Few can match the resume that Tim Duncan has constructed, and the 19-year NBA vet announced his retirement on Monday.
While it’s not exactly shocking, Duncan’s ambiguity had some believing that he’d return for the 2016-17 season. Even though he isn’t, he’s done enough to cement himself as the all-time greatest power forward, and one of the best players ever. When he was drafted first overall out of Wake Forest in 1997, I’m not sure how many people predicted that Duncan would finish his career as a first-ballot Hall of Famer, but his career certainly looked promising.
He was named an All-Star as a rookie, and led the Spurs to a 36-win turnaround from the year before. Duncan shot nearly 55 percent from the field, averaged 21.1 points, 11.9 boards, and 2.5 blocks for the 56-win Spurs. It’s a no-brainer, but Duncan earned Rookie of the Year that season and his first All-NBA team appearance. His first championship was captured the following year when San Antonio beat the Knicks in five games in the 1999 NBA Finals. Duncan secured his first Finals MVP by averaging 27.4 points, 14 rebounds, and 2.2 blocks during the series.
Duncan’s numbers in his second year were almost identical to his first: 21.7 points on 49.5 percent shooting, 11.4 boards, 2.5 blocks. Those numbers improved in the playoffs, indicating Duncan’s ability to step his game up when it counted the most. Throughout most of his career, Duncan was a legitimate 20 points, ten rebound threat, even when the Spurs added Tony Parker and Manu Ginobili.
The Big Fundamental was far-and-away the best of the trio, but it’s tough to say that he would’ve won the four other titles without his international All-Stars. His second ‘chip came in 2003, the same year he won his second and final regular season MVP award. The Spurs would win two more titles that decade — a time when the NBA was rife with talent. In the West, Duncan and Kobe Bryant would meet numerous times throughout the playoffs. In the early parts of the decade, Los Angeles were a handful for anyone since they had the Shaq/Kobe tandem, but Duncan and the Spurs got vengeance in the mid-2000s, a tough time for the Lakers who had lost Shaq, and had yet to add Pau Gasol.
Even though the Lakers weren’t contenders, the West still had plenty of great teams, including the seven-seconds-or-less Suns and the Dallas Mavericks with a prime Dirk Nowitzki,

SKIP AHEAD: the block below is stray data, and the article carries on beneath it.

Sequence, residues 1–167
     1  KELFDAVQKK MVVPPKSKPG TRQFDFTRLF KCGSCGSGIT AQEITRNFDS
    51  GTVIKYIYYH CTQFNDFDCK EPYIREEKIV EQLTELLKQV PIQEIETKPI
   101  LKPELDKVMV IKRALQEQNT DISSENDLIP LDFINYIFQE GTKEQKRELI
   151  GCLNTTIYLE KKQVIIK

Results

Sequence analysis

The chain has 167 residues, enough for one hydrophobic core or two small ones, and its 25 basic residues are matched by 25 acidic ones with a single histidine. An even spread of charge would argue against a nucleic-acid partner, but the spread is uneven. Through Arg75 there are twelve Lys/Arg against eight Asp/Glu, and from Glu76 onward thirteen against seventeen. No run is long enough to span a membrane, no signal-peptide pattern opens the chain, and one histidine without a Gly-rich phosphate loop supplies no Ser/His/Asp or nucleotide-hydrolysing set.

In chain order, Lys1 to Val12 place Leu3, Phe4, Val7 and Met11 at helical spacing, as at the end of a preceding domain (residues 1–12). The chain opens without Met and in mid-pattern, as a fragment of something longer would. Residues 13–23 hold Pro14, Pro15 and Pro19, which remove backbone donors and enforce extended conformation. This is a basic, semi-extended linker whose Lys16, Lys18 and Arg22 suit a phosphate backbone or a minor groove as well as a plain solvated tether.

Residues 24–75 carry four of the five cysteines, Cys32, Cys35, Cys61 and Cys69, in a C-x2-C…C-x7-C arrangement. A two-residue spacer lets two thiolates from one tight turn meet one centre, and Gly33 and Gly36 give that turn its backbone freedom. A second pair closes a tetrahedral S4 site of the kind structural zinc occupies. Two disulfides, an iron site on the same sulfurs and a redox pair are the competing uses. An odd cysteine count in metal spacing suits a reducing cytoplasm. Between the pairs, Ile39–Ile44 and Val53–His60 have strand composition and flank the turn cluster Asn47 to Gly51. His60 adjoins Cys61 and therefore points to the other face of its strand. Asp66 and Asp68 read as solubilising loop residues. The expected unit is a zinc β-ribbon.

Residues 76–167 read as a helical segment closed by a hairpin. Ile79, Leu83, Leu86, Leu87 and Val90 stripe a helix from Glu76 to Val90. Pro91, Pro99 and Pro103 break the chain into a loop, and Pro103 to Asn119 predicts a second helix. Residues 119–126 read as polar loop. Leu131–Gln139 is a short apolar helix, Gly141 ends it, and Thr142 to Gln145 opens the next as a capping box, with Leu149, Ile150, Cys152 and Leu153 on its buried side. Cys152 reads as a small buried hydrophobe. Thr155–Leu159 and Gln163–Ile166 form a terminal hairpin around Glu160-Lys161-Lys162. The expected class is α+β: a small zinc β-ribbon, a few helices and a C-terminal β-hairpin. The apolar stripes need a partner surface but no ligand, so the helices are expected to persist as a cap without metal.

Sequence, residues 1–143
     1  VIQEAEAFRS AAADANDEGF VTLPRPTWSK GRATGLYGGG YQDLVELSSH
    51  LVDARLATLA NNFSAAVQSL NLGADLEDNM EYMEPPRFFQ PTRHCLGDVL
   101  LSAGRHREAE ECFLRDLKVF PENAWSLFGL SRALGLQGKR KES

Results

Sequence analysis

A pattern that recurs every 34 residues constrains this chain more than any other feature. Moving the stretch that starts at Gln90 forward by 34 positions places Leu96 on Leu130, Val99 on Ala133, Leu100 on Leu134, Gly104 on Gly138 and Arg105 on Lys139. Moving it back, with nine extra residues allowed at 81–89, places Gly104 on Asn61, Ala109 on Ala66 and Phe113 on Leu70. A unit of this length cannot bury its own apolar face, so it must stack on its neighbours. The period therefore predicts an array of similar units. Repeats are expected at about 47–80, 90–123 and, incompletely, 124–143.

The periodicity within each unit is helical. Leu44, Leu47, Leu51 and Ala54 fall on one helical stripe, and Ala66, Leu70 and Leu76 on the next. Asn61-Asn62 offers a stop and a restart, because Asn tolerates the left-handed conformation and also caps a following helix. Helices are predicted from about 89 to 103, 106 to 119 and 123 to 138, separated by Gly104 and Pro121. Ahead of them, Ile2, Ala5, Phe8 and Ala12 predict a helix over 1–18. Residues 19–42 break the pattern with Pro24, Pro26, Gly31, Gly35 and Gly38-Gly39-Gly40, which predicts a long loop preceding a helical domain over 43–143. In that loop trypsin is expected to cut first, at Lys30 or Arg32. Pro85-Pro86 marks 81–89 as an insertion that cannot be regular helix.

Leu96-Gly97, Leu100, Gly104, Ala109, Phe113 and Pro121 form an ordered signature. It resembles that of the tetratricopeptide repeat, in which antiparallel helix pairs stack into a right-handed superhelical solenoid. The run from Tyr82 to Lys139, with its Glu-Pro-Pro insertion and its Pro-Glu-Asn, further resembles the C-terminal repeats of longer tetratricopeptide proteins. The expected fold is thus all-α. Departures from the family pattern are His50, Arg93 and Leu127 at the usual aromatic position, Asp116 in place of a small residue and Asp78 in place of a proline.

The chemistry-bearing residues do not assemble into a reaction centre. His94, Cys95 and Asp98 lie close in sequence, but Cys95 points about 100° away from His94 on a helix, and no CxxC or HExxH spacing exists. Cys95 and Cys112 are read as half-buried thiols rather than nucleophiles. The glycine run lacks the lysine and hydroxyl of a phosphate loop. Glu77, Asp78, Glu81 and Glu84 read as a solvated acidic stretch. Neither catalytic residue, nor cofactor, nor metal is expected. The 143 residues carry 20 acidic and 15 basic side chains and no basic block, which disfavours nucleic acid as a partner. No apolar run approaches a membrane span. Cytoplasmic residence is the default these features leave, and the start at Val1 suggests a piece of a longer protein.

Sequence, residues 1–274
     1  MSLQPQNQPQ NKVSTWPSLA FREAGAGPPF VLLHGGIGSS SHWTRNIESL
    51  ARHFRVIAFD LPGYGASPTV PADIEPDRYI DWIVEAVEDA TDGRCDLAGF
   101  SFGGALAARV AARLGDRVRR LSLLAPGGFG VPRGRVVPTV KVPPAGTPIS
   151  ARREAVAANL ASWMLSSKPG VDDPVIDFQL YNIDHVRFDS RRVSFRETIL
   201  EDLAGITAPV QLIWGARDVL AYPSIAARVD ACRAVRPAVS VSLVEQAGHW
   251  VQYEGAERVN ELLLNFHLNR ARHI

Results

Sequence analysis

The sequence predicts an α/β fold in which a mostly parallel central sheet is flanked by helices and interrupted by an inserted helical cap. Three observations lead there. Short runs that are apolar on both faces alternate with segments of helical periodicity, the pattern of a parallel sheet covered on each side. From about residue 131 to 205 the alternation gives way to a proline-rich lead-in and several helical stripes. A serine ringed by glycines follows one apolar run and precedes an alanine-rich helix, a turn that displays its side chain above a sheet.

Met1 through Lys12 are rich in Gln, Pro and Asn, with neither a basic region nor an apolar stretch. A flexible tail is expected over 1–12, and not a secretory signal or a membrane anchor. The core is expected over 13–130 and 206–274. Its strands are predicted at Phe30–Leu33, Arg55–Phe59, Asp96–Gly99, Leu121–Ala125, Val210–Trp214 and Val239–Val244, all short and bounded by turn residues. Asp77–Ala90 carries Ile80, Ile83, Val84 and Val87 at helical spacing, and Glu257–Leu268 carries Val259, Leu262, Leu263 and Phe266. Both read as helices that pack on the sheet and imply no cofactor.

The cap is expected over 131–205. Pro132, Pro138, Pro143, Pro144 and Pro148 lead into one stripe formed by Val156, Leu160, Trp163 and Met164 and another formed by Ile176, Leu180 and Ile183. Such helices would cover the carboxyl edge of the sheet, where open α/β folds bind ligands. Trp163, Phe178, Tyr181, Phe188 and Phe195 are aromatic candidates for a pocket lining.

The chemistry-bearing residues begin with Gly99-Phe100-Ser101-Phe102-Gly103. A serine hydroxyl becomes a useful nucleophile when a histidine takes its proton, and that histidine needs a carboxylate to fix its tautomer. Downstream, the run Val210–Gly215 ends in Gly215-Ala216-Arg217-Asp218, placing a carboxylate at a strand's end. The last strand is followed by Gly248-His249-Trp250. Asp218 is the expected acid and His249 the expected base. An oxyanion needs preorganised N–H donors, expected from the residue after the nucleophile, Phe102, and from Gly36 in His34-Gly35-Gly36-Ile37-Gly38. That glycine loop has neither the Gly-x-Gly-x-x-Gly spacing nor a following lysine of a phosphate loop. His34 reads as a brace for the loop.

Duncan had the number of another all-time great: LeBron James. A James-led team met with a Duncan-led team in the Finals three times, and just once was LeBron able to overcome the Big Fundamental. The first matchup in 2007 doesn’t hold as much weight since LeBron carried his Cavaliers to the Finals that year, but the Spurs were as dominant as they should’ve been, and swept the Cavs; the victory in 2014 was remarkable — even more so since they were beaten the year before.
Since the start of this decade, Timmy D’s skill have regressed, but San Antonio has done a fantastic job of engineering a smooth transition. With Kawhi Leonard turning into a top-five player in the league, Duncan had someone to pass the torch to. And once R.C. Buford inked LaMarcus Aldridge, there was almost no doubt that Duncan could fully pass the torch to the next generation.
The Spurs also signed Pau Gasol recently, effectively ending Duncan’s era and leaving it in great hands.
A true testament to the greatness sustained by Duncan and the Spurs is how they’ve made the playoffs in 18 straight seasons since drafting Duncan, and just one time have they had a season where they didn’t collect 50 wins–the lockout-shortened season in 1998-99.
When someone says that actions speak louder than words, Duncan personifies that. He’s always been a quiet superstar but has put up tremendous numbers during his career. On top of the five championships and 15 All-Star selections, Duncan has appeared on 15 All-NBA teams and 14 All-Defensive teams, solidifying himself as an all-time great on defense.
His 15,091 total rebounds are good for sixth on the NBA’s all-time list, and 3,020 blocks put him at fifth on the list. On the Spurs’ all-time leaderboard, Duncan ranks first in almost every major category.
Farewell, Tim Duncan. You were a true professional, and your name will undoubtedly stand the test of time.